SitePoint Sponsor

User Tag List

Results 1 to 11 of 11
  1. #1
    SitePoint Enthusiast
    Join Date
    May 2006
    Posts
    89
    Mentioned
    0 Post(s)
    Tagged
    0 Thread(s)

    Securing login forms using javascript

    Now this is for use on a community website, and it's just an extra safeguard, so please don't suggest SSL or something similar.

    My db layout:
    user_id
    username
    password
    salt

    DB password is created by : sha1(sha1($plaintext_password) . $salt . 'secret') at signup.

    I want my client side login form to submit an encrypted version of the form password value. I'm using this javascript function for that: http://pajhome.org.uk/crypt/md5/sha1src.html

    Anyway, if you just submit an sha1() version of the plaintext version to the server, that's no good, since an attacker can just do the same.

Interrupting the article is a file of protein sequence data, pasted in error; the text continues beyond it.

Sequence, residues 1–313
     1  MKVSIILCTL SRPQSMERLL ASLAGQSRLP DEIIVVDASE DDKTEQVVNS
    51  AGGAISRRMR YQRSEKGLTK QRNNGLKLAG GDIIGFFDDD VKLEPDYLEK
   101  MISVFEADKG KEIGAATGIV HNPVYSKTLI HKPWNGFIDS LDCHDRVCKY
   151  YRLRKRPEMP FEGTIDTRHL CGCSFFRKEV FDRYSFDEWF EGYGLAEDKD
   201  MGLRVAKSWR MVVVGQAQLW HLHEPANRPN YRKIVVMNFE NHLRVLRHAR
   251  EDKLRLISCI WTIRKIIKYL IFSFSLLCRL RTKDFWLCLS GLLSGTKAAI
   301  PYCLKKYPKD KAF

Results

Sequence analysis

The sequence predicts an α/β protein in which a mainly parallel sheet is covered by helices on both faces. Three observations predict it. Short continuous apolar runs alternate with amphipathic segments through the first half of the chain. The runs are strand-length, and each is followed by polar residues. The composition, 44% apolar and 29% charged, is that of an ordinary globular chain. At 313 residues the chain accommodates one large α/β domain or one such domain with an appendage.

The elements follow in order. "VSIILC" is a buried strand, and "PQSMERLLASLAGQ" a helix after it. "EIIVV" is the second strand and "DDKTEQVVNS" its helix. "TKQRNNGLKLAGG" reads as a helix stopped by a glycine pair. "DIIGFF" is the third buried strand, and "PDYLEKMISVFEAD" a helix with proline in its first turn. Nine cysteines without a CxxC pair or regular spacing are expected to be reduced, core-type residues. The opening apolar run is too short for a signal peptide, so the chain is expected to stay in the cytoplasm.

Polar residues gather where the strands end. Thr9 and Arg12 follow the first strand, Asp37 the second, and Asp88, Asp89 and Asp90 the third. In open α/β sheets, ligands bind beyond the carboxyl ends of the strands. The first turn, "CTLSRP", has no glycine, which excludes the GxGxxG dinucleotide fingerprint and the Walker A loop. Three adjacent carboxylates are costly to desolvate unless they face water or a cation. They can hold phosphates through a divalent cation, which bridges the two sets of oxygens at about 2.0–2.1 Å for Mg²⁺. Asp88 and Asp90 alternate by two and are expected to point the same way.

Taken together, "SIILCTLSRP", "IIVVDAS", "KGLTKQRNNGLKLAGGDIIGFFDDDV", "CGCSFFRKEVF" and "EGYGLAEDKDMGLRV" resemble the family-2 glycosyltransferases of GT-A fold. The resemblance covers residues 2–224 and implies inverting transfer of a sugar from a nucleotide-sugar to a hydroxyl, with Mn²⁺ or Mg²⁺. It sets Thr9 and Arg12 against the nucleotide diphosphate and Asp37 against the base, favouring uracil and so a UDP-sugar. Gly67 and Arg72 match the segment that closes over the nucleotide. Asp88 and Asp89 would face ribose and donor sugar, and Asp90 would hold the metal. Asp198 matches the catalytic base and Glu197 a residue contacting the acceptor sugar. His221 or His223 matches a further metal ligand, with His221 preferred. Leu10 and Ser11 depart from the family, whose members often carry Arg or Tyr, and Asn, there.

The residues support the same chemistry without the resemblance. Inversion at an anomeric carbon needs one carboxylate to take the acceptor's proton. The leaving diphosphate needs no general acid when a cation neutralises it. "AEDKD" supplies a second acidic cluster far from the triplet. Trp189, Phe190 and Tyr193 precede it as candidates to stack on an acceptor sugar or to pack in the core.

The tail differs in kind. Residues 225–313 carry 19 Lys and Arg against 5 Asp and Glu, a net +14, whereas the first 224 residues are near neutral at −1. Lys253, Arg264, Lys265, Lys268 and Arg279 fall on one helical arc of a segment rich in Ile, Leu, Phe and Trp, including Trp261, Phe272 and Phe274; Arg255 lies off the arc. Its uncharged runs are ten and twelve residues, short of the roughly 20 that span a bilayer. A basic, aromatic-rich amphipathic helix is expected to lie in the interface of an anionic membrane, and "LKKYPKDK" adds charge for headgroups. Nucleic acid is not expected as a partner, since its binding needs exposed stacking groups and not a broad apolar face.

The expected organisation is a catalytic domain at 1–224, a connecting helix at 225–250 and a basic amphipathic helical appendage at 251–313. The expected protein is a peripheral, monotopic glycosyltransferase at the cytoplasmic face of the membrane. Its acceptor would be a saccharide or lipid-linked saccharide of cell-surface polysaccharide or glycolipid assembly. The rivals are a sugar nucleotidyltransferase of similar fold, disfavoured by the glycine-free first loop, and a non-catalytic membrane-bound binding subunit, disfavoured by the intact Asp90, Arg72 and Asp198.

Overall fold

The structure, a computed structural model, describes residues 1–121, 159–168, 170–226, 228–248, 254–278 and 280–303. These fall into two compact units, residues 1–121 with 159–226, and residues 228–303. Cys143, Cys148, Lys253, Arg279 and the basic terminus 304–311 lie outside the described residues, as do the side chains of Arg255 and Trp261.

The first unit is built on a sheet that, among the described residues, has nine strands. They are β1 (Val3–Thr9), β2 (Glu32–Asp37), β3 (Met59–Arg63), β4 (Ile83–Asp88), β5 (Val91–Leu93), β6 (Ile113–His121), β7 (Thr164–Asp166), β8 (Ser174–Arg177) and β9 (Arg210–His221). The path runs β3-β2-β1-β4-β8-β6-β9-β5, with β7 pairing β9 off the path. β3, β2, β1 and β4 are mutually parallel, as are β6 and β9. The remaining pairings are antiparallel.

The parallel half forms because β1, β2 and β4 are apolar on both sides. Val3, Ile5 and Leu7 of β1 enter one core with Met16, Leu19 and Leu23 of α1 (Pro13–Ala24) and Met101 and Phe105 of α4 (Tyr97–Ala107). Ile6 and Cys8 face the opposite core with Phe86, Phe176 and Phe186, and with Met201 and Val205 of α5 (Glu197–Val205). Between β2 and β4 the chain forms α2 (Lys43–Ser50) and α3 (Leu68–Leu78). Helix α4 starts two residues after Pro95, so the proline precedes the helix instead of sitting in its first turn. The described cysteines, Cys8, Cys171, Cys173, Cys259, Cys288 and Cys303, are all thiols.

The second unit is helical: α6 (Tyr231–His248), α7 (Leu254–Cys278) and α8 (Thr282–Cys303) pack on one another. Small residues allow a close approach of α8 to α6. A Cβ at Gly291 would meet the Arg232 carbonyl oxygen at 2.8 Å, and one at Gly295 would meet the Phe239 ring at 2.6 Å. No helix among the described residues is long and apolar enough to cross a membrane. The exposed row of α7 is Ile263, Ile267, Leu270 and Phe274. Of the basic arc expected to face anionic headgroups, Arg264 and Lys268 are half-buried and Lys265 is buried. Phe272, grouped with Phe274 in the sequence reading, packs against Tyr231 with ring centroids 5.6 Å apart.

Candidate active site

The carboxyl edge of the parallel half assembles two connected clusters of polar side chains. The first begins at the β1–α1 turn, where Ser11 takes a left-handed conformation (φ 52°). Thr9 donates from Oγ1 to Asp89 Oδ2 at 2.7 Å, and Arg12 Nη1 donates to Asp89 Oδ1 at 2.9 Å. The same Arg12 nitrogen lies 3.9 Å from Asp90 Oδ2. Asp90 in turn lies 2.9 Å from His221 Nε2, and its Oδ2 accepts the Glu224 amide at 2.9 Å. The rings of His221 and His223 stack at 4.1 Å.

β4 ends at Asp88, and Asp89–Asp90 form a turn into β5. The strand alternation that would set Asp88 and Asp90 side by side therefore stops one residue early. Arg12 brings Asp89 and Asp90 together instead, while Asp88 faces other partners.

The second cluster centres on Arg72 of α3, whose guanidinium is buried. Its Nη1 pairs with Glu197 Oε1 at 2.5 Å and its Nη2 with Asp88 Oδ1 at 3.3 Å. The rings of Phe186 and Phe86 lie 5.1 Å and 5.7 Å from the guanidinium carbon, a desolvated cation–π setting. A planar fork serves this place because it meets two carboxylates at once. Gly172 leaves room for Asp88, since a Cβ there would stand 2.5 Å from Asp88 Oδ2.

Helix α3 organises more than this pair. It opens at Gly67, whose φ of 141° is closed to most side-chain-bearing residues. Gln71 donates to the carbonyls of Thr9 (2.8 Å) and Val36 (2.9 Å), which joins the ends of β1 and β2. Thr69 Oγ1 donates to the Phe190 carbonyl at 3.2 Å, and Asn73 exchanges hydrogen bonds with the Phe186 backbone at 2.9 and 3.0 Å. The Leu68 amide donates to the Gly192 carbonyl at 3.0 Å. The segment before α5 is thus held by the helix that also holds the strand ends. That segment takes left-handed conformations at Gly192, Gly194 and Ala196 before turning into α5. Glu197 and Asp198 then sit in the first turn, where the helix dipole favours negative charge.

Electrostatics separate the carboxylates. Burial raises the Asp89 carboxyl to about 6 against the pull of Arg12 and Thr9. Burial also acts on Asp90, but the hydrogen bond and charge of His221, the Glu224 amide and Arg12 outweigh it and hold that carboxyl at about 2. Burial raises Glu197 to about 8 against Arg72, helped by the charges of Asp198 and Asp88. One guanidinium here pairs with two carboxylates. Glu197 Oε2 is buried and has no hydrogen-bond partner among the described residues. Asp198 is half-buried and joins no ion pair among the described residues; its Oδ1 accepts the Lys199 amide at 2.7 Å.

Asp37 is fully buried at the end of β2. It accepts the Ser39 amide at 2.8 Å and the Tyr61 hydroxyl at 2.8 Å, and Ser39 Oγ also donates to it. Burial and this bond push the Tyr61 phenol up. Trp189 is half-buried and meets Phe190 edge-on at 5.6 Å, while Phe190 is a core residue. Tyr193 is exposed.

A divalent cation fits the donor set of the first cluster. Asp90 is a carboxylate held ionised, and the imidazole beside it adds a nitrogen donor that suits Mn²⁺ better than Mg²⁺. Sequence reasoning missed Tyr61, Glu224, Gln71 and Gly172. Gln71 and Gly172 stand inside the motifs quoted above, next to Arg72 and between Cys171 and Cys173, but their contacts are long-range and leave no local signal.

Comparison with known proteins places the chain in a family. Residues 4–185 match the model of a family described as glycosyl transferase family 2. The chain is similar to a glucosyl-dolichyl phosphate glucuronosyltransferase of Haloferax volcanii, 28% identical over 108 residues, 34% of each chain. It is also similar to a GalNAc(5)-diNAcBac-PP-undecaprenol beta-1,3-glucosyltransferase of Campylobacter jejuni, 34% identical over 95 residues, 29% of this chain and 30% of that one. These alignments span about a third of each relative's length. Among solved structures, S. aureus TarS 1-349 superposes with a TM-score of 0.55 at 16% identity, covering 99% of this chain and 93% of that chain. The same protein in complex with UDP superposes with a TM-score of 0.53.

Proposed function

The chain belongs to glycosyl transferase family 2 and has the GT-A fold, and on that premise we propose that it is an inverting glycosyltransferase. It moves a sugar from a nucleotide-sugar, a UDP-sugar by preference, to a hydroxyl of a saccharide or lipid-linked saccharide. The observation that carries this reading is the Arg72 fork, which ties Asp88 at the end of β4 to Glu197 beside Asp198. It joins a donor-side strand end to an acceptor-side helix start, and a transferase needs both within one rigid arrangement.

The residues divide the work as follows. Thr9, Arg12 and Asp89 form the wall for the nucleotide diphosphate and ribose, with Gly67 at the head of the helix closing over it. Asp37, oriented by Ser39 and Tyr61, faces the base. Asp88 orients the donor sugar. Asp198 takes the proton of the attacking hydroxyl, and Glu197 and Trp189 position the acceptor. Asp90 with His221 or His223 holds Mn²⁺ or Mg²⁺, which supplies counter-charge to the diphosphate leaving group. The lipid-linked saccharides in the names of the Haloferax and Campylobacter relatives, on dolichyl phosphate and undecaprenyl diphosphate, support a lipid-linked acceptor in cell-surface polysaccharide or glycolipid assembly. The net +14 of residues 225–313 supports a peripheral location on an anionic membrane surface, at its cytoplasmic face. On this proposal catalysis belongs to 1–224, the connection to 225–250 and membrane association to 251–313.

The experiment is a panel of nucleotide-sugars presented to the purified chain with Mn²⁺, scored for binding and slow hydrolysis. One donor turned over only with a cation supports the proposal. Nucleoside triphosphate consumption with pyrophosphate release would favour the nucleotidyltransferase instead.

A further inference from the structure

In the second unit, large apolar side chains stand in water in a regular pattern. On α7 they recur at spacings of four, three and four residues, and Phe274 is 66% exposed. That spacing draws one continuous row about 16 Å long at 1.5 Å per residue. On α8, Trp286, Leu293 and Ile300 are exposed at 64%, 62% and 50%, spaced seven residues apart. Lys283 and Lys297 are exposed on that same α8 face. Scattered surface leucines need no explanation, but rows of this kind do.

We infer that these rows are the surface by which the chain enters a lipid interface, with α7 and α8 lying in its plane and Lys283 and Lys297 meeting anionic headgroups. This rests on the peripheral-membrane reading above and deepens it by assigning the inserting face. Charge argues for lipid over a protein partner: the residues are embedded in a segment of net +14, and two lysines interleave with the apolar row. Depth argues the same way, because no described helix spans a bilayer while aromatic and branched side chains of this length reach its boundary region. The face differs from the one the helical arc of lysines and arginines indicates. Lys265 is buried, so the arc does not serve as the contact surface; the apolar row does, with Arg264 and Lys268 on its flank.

We need to have a salt together with the password so that the value changes every time and the attacker can't do a replay attack.

    So create a $_SESSION['login_salt'] = //random string func();

    However, I can't do: hex_sha1(hex_sha1(form.password.value) + my_session_salt); since I can't compare the client input on the server side with the db password (my db password is not plaintext, which would be needed to compare in this way)

    Does anyone else have any ideas on how to solve this then;

    I'm thinking maybe instead of a server salt ($_SESSION['login_salt']);

    you could have : $_SESSION['login_salt'] = '2f,352:10';

    which would mean: replace all '2' chars by 'f', and add "352" from position 10 in the string. Obviously all those parts would be randomly server generated on each visit. Since the attacker doesn't have the same session salt, if he replayed the attack it would not let him in the system.

    Now I'm not really a 'cryptologist' or whatever you call it so I don't know if this is safe at all.

    Has anybody implemented such a system and what did you do?

  2. #2
    SitePoint Wizard silver trophy
    Join Date
    Mar 2006
    Posts
    6,132
    Mentioned
    0 Post(s)
    Tagged
    0 Thread(s)
    hmm i did something like this with md5 once, lemme see if i still have the code archived.